Audit 200 (100%) 3.02 (3) 0% (0%) 100% (100%)
Remuneration 0 (0%) - - -
Nomination 0 (0%) - - -

4.4 Other countries

In Hong Kong, audit committees are recommended for mainboard companies, and required for
GEM companies. In 1998, only 26 of the Hang Seng 100 component stocks have audit
committees.12 Similarly, it is uncommon for Indonesian companies to have audit, remuneration
and nominating committees.13 In a recent survey by the Tokyo Stock Exchange of corporate
governance of 1,310 listed companies, 55.8% indicated that they have already implemented
measures to strengthen the function of auditors and board of auditors.14 69.4% have increased the
number of external auditors, and 80.9% have appointed auditors who have no financial interest in

I did not find any Thai listed companies reporting the use of a remuneration or nominating committee.
I would like to thank Professor Judy Tsui for this information.
See Kurniawan, D.M. and N. Indriantoro, “Corporate Governance in Indonesia,” The Second Asian
Roundtable on Corporate Governance, Hong Kong, 2000.
Survey on Listed Companies’ Corporate Governance, Tokyo Stock Exchange, November 2000.

the company. For the companies that have implemented measures to strengthen the function of
the board of auditors, more than 90% have external auditors comprising a majority of the board of
auditors. However, only 3.9% have a board of auditors that comprise exclusively of external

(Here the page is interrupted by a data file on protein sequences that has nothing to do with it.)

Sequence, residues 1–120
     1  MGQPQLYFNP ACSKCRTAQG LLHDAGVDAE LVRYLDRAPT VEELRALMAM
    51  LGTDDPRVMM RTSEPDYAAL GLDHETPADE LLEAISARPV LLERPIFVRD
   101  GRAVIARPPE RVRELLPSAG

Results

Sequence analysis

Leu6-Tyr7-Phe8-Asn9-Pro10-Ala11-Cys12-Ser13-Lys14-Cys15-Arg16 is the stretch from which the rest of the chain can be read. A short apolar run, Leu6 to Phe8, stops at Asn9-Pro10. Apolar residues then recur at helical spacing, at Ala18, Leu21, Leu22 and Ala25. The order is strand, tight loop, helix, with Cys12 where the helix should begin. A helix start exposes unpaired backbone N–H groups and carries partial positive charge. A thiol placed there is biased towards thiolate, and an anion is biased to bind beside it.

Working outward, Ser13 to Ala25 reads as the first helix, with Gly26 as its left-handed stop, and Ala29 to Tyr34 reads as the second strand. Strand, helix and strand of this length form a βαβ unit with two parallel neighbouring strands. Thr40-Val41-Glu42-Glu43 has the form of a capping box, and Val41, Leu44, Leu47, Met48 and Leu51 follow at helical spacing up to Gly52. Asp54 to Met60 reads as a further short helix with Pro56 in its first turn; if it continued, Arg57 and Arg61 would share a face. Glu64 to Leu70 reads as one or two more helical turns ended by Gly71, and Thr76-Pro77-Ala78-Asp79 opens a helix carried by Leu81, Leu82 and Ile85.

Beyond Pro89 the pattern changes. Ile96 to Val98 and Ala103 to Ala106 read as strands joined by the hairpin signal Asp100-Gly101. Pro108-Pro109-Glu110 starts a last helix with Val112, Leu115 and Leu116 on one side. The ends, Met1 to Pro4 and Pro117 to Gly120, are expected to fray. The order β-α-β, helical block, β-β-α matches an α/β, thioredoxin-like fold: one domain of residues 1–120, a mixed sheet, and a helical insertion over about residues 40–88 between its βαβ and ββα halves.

auditors. For the companies that have not introduced measures to strengthen the board of auditors,
10.4% plan to do so in the future, mainly through increasing the number of external auditors.

Twenty-two percent of companies indicated that they have formed an organisation which
decides directors’ remuneration (such as a remuneration committee). However, only 8.9% of
companies indicated that they have introduced, are introducing or are considering introducing a
remuneration committee. The percentages of companies planning to introduce other board
committees, such as a management personnel appointment committee (similar to nominating
committee), are similarly low.

5. Do Board Committees Enhance Corporate Governance?

Why use board committees? Delegating specific board responsibilities to smaller board
committees can be an effective way of managing the myriad responsibilities of the board. Board
committees can improve decision-making by the Board. Some board committees are formed
largely with this consideration in mind – for example, executive, strategy and IT committees, to
name a few. Having board committees may be especially useful if the board is large, given the
difficulties of large-group decision-making.

However, the primary reason for having board committees is to enhance the monitoring
function of the board and its accountability to shareholders and other stakeholders. Board
committees can allow non-executive and independent directors to deliberate and make
recommendations in areas where there may be conflict of interests between management and
shareholders. This is especially so in matters dealing with financial reporting, internal control,
remuneration, and the appointment or removal of directors. It is therefore unsurprising that the